President Trump’s plan to mail millions of seniors a $200 prescription savings card has hit legal and budget roadblocks, making it unlikely the government can carry it out before Election Day. Democratic lawmakers have raised questions about whether the administration has the authority to order on its own billions of dollars in Medicare spending for what the Democrats say are political reasons, the AP reports. Administration and congressional officials say such questions have bogged down review of the plan by agencies, including the Department of Health and Human Services, the Centers for Medicare and Medicaid Services, and the White House Office of Management and Budget. A White House official had no comment on the status of the prescription cards, which Trump announced with a flourish last month during a health care speech in Charlotte.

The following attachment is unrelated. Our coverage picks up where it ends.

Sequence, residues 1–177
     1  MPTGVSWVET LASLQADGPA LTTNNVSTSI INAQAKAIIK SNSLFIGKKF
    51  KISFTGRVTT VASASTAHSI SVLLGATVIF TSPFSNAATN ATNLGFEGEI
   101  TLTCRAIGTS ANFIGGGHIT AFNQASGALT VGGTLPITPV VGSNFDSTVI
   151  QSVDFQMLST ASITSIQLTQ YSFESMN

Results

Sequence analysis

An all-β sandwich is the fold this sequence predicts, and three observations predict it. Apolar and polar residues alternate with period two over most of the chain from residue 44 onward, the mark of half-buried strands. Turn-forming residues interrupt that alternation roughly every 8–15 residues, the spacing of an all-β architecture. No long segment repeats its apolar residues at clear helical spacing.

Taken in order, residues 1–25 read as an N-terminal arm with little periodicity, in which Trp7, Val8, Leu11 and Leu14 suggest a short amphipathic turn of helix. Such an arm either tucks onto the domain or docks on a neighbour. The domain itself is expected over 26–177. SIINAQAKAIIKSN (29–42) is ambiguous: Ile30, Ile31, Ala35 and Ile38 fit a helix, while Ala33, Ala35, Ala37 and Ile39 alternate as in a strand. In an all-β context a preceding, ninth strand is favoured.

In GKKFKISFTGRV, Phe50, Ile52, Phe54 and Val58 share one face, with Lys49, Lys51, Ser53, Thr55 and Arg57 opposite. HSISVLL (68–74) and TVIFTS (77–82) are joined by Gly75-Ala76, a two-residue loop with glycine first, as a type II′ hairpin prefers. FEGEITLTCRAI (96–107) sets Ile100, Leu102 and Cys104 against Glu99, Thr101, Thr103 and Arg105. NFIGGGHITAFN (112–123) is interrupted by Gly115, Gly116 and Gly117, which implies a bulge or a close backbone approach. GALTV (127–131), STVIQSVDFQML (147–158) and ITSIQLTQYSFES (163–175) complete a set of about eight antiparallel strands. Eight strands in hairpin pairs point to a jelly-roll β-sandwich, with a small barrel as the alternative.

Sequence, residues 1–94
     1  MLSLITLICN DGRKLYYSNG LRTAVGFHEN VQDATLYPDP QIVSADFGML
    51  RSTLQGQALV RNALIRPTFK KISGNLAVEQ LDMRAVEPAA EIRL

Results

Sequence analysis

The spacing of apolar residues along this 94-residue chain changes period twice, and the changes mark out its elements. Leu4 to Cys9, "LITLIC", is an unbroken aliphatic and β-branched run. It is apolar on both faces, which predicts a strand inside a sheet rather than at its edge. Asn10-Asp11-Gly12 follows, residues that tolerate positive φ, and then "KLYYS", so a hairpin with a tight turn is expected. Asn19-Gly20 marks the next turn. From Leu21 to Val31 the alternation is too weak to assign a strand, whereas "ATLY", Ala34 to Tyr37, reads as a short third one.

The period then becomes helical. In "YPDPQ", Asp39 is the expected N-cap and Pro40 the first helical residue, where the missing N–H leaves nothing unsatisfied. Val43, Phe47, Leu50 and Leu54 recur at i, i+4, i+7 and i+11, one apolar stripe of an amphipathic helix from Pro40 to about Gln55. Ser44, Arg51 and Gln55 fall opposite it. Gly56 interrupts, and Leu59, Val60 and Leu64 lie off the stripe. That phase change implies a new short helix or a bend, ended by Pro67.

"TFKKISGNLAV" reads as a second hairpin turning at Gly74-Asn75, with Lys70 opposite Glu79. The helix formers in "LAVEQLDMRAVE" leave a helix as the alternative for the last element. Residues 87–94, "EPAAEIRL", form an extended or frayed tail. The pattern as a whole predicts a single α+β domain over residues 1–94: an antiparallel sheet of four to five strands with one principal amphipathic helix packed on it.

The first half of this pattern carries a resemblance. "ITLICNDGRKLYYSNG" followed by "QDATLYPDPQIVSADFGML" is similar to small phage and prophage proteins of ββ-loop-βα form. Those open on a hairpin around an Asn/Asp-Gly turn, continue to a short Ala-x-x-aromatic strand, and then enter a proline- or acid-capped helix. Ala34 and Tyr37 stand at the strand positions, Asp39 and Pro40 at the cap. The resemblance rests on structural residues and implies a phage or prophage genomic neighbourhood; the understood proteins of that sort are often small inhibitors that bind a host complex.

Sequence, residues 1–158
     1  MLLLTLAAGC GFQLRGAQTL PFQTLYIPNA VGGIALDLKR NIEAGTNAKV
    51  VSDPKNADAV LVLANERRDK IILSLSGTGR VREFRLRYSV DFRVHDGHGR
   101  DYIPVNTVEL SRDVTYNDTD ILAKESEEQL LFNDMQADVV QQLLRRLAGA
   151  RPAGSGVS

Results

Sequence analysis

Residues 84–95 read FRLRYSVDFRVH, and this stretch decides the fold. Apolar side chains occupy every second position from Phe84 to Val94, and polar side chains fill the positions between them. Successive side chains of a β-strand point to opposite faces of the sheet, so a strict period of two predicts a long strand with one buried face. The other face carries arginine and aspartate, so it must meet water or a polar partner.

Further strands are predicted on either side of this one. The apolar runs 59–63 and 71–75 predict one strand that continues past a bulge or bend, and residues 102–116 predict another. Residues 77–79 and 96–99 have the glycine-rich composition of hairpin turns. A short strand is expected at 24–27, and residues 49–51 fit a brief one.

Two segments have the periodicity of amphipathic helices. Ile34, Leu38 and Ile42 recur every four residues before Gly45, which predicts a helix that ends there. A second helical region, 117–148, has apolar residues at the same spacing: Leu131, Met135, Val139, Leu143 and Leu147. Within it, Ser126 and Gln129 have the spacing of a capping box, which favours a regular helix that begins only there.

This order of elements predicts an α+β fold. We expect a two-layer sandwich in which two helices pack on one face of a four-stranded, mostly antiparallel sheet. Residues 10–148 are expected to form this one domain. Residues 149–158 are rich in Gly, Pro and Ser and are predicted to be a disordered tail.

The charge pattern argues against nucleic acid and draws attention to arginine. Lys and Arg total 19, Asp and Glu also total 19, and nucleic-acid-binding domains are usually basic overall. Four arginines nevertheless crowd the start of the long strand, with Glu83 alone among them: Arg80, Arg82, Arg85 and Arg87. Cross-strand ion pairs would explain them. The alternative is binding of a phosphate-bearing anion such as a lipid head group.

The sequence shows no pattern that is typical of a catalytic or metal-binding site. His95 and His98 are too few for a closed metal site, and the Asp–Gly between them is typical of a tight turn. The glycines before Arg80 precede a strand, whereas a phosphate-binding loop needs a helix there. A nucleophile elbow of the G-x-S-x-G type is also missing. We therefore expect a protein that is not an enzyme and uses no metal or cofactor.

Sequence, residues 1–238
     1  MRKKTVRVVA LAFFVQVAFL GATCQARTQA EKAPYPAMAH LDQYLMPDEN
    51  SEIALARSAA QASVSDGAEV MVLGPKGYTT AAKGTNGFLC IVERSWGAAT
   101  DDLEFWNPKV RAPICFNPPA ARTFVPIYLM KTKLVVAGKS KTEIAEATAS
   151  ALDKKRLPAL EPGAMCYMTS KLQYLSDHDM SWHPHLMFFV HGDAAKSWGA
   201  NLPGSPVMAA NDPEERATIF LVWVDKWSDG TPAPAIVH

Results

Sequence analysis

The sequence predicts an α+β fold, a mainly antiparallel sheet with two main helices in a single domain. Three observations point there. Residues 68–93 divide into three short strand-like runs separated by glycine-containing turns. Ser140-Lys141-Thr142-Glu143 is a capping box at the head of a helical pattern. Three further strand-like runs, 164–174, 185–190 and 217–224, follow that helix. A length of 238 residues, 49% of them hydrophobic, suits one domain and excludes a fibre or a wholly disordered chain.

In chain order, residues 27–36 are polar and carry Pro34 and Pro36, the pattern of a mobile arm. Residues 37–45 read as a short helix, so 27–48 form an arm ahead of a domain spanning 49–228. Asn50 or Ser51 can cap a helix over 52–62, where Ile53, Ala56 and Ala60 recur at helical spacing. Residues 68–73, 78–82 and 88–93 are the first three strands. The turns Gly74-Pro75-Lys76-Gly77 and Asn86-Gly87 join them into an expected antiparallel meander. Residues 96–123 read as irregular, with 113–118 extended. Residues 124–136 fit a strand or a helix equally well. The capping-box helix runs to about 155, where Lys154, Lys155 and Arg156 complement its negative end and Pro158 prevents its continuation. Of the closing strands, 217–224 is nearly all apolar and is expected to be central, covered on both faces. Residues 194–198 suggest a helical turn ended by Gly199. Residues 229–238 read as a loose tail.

The Medicare agency said in a statement that "the administration is committed to lowering out-of-pocket costs for our nation’s seniors." When Trump announced the plan, it seemed like the cards discounting co-pays were about to go in the mail. The plan came as a surprise to rank-and-file officials at HHS and CMS who were expected to carry it out, an administration official said. The agencies are trying to move ahead on it, but the official said it first has to pass the legal and procedural checks that would apply to any similar idea. Tricia Neuman, a Medicare expert with the nonpartisan Kaiser Family Foundation, said the card would help a lot of people a little bit but wouldn't address the underlying problem of high prescription drug costs. "It would do relatively little for seniors with truly catastrophic prescription drug expenses," she said.
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